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Glioblastoma: Molecular Pathways, Stem Cells and Therapeutic Targets

Department of Neurosurgery, New York Medical College, Valhalla, NY 10595, USA
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Academic Editor: Brigitta G. Baumert
Cancers 2015, 7(2), 538-555; https://doi.org/10.3390/cancers7020538
Received: 11 July 2014 / Revised: 12 February 2015 / Accepted: 9 March 2015 / Published: 25 March 2015
Glioblastoma (GBM), a WHO-defined Grade IV astrocytoma, is the most common and aggressive CNS malignancy. Despite current treatment modalities, the survival time remains dismal. The main cause of mortality in patients with this disease is reoccurrence of the malignancy, which is attributed to treatment-resistant cancer stem cells within and surrounding the primary tumor. Inclusion of novel therapies, such as immuno- and DNA-based therapy, may provide better means of treating GBM. Furthermore, manipulation of recently discovered non-coding microRNAs, some of which regulate tumor growth through the development and maintenance of GBM stem cells, could provide new prospective therapies. Studies conducted by The Cancer Genome Atlas (TCGA) also demonstrate the role of molecular pathways, specifically the activated PI3K/AKT/mTOR pathway, in GBM tumorigenesis. Inhibition of the aforementioned pathway may provide a more direct and targeted method to GBM treatment. The combination of these treatment modalities may provide an innovative therapeutic approach for the management of GBM. View Full-Text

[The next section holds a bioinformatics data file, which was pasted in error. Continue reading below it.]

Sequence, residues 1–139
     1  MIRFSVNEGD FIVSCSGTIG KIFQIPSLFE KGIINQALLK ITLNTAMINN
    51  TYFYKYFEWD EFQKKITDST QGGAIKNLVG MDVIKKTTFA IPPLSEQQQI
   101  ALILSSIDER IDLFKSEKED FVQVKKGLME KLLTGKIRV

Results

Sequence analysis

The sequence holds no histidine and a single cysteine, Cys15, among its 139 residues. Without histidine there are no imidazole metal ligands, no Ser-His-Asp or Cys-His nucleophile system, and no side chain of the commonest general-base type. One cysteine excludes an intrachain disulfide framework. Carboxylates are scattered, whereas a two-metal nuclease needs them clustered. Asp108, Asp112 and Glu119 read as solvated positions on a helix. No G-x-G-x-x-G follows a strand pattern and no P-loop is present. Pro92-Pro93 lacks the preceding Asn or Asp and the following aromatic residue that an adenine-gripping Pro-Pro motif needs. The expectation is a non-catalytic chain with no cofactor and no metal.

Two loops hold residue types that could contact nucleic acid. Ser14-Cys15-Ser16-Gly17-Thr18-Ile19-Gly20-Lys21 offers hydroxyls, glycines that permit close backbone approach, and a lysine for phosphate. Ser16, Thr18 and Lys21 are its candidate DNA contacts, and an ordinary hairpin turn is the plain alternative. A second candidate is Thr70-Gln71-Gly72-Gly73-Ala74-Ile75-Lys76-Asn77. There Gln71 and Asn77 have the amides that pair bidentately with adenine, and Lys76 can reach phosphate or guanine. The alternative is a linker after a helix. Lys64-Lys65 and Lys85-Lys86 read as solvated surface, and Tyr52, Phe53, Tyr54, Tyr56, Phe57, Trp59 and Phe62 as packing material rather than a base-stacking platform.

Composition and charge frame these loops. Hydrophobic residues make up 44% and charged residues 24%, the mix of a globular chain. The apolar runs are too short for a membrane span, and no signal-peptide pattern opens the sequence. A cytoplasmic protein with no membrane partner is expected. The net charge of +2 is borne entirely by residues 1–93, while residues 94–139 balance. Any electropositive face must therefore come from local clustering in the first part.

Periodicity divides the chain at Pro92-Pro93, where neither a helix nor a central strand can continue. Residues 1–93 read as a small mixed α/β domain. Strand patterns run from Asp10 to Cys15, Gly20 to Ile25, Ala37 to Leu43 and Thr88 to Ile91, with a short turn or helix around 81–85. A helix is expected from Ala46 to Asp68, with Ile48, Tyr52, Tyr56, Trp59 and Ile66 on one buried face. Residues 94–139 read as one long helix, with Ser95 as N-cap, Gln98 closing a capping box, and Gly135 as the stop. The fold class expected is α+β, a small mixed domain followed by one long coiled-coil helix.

Keywords: brain tumors; GBM; cancer stem cells; mTOR; therapies brain tumors; GBM; cancer stem cells; mTOR; therapies
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Jhanwar-Uniyal, M.; Labagnara, M.; Friedman, M.; Kwasnicki, A.; Murali, R. Glioblastoma: Molecular Pathways, Stem Cells and Therapeutic Targets. Cancers 2015, 7, 538-555.

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